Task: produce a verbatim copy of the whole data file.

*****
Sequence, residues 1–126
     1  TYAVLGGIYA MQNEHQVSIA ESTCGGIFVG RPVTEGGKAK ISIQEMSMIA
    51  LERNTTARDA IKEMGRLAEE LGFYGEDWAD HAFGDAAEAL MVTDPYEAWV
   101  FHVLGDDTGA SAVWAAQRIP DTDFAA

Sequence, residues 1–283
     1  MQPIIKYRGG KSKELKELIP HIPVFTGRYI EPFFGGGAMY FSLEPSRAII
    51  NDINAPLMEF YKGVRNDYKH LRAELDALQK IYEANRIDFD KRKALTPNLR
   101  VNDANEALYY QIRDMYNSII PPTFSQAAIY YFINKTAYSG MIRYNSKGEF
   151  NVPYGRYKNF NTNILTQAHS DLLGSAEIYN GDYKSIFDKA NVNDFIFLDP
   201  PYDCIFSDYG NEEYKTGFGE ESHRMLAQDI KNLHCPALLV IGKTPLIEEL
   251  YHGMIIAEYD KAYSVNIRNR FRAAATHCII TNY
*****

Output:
Sequence, residues 1–126
     1  TYAVLGGIYA MQNEHQVSIA ESTCGGIFVG RPVTEGGKAK ISIQEMSMIA
    51  LERNTTARDA IKEMGRLAEE LGFYGEDWAD HAFGDAAEAL MVTDPYEAWV
   101  FHVLGDDTGA SAVWAAQRIP DTDFAA

Sequence, residues 1–283
     1  MQPIIKYRGG KSKELKELIP HIPVFTGRYI EPFFGGGAMY FSLEPSRAII
    51  NDINAPLMEF YKGVRNDYKH LRAELDALQK IYEANRIDFD KRKALTPNLR
   101  VNDANEALYY QIRDMYNSII PPTFSQAAIY YFINKTAYSG MIRYNSKGEF
   151  NVPYGRYKNF NTNILTQAHS DLLGSAEIYN GDYKSIFDKA NVNDFIFLDP
   201  PYDCIFSDYG NEEYKTGFGE ESHRMLAQDI KNLHCPALLV IGKTPLIEEL
   251  YHGMIIAEYD KAYSVNIRNR FRAAATHCII TNY